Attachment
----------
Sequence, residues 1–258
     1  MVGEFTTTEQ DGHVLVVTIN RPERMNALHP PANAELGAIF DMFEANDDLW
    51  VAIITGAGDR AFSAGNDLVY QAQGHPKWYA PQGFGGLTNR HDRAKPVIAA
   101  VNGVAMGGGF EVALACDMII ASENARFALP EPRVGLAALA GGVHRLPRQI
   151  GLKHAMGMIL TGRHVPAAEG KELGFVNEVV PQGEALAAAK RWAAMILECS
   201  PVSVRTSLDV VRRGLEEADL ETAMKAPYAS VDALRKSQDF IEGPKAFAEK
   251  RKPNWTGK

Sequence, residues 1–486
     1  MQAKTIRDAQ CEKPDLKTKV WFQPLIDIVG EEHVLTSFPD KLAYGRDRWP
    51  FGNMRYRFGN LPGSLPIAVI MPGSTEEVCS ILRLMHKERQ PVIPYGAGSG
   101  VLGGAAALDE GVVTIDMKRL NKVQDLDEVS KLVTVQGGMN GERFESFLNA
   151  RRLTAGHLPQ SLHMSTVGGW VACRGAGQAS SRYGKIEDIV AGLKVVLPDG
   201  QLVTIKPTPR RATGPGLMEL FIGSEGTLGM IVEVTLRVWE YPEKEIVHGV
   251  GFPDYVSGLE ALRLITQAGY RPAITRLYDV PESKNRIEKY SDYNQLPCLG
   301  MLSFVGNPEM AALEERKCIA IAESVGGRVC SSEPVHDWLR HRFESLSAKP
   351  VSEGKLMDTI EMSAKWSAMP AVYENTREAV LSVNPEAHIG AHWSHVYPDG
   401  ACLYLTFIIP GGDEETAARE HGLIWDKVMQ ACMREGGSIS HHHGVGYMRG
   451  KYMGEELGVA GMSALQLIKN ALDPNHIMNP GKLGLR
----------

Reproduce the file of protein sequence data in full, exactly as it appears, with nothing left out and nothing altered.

Sequence, residues 1–258
     1  MVGEFTTTEQ DGHVLVVTIN RPERMNALHP PANAELGAIF DMFEANDDLW
    51  VAIITGAGDR AFSAGNDLVY QAQGHPKWYA PQGFGGLTNR HDRAKPVIAA
   101  VNGVAMGGGF EVALACDMII ASENARFALP EPRVGLAALA GGVHRLPRQI
   151  GLKHAMGMIL TGRHVPAAEG KELGFVNEVV PQGEALAAAK RWAAMILECS
   201  PVSVRTSLDV VRRGLEEADL ETAMKAPYAS VDALRKSQDF IEGPKAFAEK
   251  RKPNWTGK

Sequence, residues 1–486
     1  MQAKTIRDAQ CEKPDLKTKV WFQPLIDIVG EEHVLTSFPD KLAYGRDRWP
    51  FGNMRYRFGN LPGSLPIAVI MPGSTEEVCS ILRLMHKERQ PVIPYGAGSG
   101  VLGGAAALDE GVVTIDMKRL NKVQDLDEVS KLVTVQGGMN GERFESFLNA
   151  RRLTAGHLPQ SLHMSTVGGW VACRGAGQAS SRYGKIEDIV AGLKVVLPDG
   201  QLVTIKPTPR RATGPGLMEL FIGSEGTLGM IVEVTLRVWE YPEKEIVHGV
   251  GFPDYVSGLE ALRLITQAGY RPAITRLYDV PESKNRIEKY SDYNQLPCLG
   301  MLSFVGNPEM AALEERKCIA IAESVGGRVC SSEPVHDWLR HRFESLSAKP
   351  VSEGKLMDTI EMSAKWSAMP AVYENTREAV LSVNPEAHIG AHWSHVYPDG
   401  ACLYLTFIIP GGDEETAARE HGLIWDKVMQ ACMREGGSIS HHHGVGYMRG
   451  KYMGEELGVA GMSALQLIKN ALDPNHIMNP GKLGLR